I just returned from Boston, where I met with Combined Jewish Philanthropies (CJP) President Barry Shrage, and briefed our long-time partner, the Federation's Boston-Dnipropetrovsk Kehilla Project committee, on the situation in Ukraine and the recent NCSEJ Leadership Mission to Kyiv and Dnipropetrovsk.
This week's update includes several stories on the potential impact of building cooperation with Russia to stabilize Syria and defeat ISIS. As Moscow seizes the momentum to play a central role in the international solution to the Syrian crisis, many experts caution that Russia's cooperation may come at a price. Already, ceasefire violations in Ukraine have increased. Some EU members have called for direct EU negotiations with the Russia-led Eurasian Economic Union, and for other cooperation initiatives with Russia. While reports indicate that the EU is unlikely to lift its sanctions against Russia, many in Ukraine and elsewhere in the world are worried about a potential softening of international pressure on Russia.
A group of religious leaders, organized by the U.S.-Ukraine Foundation, have appealed to President Obama and Congress to increase humanitarian assistance to Ukraine. In their statement, they highlight the devastating humanitarian disaster in Ukraine: "The challenges of this human tragedy are overwhelming...even the most conservative estimates show that over 65 percent of projected needs have yet to be met." Also locally, NCSEJ is part of a group that meets with Members of Congress to urge greater humanitarian assistance.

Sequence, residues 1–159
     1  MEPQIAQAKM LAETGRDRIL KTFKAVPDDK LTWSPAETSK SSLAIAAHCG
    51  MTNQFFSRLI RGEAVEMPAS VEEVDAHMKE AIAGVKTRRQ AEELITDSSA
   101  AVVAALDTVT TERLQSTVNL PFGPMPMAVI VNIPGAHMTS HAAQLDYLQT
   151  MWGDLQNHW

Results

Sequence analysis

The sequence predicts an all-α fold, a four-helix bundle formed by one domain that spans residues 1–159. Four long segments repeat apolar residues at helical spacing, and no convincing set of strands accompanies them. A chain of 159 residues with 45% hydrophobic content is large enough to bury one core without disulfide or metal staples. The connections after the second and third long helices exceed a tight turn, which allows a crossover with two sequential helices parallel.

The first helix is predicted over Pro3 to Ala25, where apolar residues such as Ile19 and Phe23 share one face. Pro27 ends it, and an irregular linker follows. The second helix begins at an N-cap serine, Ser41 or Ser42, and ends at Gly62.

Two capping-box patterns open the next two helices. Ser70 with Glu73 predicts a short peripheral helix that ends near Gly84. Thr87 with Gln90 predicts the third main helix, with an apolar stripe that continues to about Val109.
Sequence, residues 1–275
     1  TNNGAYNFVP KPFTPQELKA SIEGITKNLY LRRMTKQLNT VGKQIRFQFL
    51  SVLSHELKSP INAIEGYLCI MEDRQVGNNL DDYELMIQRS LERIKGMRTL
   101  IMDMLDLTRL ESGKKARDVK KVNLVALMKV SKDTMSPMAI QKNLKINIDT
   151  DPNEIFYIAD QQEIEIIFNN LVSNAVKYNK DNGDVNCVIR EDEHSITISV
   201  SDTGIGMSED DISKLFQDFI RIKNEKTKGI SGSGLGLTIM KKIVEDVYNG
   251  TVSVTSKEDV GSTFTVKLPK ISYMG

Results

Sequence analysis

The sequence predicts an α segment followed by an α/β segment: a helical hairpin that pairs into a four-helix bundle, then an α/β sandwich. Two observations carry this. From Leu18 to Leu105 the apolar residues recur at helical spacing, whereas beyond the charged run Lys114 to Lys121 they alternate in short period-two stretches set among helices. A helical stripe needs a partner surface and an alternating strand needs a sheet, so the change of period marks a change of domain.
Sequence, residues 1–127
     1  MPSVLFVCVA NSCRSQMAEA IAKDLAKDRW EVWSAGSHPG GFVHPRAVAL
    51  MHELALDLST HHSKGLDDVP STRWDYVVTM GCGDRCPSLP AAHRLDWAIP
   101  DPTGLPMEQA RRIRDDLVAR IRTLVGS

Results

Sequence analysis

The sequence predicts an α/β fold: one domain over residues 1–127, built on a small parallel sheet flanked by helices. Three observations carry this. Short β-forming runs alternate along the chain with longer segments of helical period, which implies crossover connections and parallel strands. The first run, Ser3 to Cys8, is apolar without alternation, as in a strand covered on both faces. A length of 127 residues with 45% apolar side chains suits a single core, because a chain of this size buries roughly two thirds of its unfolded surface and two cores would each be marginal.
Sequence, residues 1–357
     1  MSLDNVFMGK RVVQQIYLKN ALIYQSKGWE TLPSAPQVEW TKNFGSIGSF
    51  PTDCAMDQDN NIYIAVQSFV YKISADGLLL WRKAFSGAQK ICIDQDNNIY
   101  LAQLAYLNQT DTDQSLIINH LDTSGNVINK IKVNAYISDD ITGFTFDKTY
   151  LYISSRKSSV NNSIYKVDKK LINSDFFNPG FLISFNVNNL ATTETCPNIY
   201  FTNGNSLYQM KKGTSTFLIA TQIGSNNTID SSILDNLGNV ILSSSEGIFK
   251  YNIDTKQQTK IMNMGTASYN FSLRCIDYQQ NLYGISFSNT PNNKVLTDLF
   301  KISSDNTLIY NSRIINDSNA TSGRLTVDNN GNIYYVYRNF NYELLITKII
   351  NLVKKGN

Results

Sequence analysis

I recommend a Kyiv Post story that analyzes the results of recent local elections in Ukraine, which the author calls a manifestation of a public disappointment with the current Ukrainian government.
I also want to highlight an article about the vibrant Jewish community of Azerbaijan, a "safe haven for Jews in a dangerous regional neighborhood."
Mark B. Levin